Larger portable extractors have larger-capacity tanks for cleaning solutions and accessories, such as hoses and wands. These machines can be used for cleaning entrances and eating areas, such as lunchrooms and break rooms.
Water vacuums with wands for use on carpets and rugs are invaluable in situations where cleaning crews must remove large amounts of water from a floor. Water vacuums are designed to remove large amounts of water quickly and have bigger recovery tank capacities than smaller portable extractors. Generally, water vacuums are not used for cleaning carpets unless they have cleaning solution hose attachments.
Successful daily cleaning requires vacuuming. In areas where a wide-area vacuum is not practical, smaller upright vacuums and backpack vacuums are useful.
The advantage of smaller, portable vacuums is their ease of use. Backpack vacuums allow users to work in otherwise inaccessible areas, such as stairways and landings. They are also useful in crowded areas, such as offices.
Newer-generation backpacks and uprights are designed to have better suction and filtration capacity, and now high-efficiency particulate-arrestance (HEPA) filters are standard in many models.
Canister vacuums are making a comeback in popularity due to improvements in design. They are portable and have long cords and hoses that help cleaners reach more area. New canister vacuums offer lower noise levels than previous models, as many of them have quieter motors.
A carpet sweeper is another useful piece of equipment. Carpet sweepers are small devices mounted on handles with a cylindrical brush design for sweeping carpet into an enclosed dustpan or tray. Sweepers are designed for use in high-traffic areas where use of vacuum cleaners is difficult, such as cafeterias and restaurants.
An alternative to both a manually operated carpet sweeper and a vacuum cleaner is a stick vacuum. Also known as an electric broom, it is a small vacuum mounted on a handle that is much smaller than a conventional upright vacuum. These sweepers are available in both cord-electric and battery styles.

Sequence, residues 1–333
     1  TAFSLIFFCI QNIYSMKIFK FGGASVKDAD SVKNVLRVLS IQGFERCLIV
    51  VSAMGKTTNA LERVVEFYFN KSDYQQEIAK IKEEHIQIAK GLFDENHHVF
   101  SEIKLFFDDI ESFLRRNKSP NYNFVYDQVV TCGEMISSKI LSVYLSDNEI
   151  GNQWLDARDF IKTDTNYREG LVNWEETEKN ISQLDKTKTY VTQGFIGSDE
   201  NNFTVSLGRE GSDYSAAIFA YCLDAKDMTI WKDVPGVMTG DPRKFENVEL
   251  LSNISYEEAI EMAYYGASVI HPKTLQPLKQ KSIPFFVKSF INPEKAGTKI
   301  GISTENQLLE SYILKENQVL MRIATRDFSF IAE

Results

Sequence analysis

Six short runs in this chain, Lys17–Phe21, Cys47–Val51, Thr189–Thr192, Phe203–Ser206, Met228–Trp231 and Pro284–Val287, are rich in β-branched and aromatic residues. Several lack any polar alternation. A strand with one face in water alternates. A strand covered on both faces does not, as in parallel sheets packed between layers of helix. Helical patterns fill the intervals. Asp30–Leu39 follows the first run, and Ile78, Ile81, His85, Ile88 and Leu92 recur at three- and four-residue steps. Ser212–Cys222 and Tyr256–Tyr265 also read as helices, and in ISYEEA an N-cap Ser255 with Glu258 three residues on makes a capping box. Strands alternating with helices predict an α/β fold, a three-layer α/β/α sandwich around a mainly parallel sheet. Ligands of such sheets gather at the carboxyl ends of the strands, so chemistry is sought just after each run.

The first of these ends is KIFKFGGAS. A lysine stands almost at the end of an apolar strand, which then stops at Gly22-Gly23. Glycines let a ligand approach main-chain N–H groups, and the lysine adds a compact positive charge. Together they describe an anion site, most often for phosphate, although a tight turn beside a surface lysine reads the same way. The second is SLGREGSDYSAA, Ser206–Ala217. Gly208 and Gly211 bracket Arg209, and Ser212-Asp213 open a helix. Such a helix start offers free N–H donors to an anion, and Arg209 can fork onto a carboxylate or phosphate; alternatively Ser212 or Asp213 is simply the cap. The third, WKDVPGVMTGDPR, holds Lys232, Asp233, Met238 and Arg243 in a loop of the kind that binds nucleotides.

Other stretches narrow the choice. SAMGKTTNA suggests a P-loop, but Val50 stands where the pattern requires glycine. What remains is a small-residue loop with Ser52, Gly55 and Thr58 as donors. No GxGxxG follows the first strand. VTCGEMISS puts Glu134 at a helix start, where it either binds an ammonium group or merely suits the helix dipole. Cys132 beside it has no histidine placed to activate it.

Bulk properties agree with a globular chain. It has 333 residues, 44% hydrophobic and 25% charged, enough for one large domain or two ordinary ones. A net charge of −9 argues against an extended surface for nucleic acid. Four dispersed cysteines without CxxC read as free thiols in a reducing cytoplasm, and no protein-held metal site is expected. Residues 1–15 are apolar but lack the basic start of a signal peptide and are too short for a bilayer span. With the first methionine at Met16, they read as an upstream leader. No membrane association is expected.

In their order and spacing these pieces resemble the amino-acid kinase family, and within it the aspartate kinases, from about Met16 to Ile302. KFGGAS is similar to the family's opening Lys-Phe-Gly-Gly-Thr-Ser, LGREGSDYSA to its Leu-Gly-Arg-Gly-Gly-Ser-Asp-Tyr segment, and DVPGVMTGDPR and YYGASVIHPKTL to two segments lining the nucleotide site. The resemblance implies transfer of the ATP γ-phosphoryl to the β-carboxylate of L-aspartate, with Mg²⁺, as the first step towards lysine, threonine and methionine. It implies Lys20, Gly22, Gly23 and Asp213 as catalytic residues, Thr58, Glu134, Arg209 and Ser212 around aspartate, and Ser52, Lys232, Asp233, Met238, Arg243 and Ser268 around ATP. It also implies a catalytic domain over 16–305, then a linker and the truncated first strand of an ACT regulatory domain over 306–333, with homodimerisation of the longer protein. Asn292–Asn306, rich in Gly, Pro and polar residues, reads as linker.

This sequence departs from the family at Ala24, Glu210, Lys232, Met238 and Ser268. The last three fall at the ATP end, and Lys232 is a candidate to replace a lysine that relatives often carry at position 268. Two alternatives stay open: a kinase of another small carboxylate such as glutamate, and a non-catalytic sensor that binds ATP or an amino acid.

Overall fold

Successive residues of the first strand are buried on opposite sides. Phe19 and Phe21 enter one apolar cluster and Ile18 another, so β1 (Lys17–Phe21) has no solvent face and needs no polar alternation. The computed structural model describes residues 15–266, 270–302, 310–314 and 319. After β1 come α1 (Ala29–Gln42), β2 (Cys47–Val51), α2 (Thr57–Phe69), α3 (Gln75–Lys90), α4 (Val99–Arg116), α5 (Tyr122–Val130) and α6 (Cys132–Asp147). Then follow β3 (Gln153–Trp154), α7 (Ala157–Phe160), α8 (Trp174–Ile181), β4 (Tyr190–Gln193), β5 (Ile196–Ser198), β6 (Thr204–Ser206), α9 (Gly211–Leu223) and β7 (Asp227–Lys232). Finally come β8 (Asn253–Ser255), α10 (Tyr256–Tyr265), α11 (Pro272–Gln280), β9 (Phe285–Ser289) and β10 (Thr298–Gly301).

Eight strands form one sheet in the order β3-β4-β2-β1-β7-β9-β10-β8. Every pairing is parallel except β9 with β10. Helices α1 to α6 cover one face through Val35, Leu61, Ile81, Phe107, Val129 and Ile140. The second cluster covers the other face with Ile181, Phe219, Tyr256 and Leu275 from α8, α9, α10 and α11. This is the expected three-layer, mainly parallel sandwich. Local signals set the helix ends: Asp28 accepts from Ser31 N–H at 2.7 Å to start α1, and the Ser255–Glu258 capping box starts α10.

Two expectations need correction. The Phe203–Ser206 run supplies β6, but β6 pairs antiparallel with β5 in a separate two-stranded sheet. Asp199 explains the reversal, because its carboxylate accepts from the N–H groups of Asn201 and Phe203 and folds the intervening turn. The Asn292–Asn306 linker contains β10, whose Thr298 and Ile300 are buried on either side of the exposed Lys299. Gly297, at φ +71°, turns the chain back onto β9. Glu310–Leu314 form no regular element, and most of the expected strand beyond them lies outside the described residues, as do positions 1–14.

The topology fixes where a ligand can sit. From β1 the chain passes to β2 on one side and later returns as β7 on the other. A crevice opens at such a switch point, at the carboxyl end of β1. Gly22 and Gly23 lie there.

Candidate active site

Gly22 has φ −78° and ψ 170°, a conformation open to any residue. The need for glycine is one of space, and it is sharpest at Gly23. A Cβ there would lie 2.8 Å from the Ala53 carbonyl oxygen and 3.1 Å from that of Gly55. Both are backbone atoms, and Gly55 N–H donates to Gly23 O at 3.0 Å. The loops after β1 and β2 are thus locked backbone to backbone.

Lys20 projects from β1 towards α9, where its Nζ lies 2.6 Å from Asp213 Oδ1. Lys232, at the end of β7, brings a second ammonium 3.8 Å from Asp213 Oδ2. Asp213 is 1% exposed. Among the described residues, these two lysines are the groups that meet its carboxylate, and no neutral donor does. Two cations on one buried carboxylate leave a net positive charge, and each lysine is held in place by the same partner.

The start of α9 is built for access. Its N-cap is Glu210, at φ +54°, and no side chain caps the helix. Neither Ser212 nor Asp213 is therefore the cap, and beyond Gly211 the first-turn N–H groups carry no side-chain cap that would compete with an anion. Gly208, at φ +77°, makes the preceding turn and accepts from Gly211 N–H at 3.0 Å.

To remove some stubborn stains, many departments use a steam-vapor cleaner. These machines inject steam into the carpet, and the cleaner then blots out the stain. These small, portable machines combine high heat and low moisture to clean and disinfect spots and soiled areas on carpet and hard surfaces.
Finally, every carpet-cleaning arsenal should include power sprayers. These handheld tanks come with hoses and wands and are available in manual or electric-pump styles.
Sprayers are useful for applying pre-spray cleaning solutions in high-traffic and heavily soiled areas. After cleaning and extraction, cleaning crews can use sprayers to apply soil-retardant solutions, anti-static agents, deodorizers, odor neutralizers, and flame-retardant chemicals.
Having an effective carpet maintenance program takes planning and commitment. The proper equipment and supplies, combined with regular training, will help ensure the carpets look clean and attractive, last longer, and promote a healthier indoor environment.
Glen Franklin is a floor-care consultant based in Snohomish, Wash.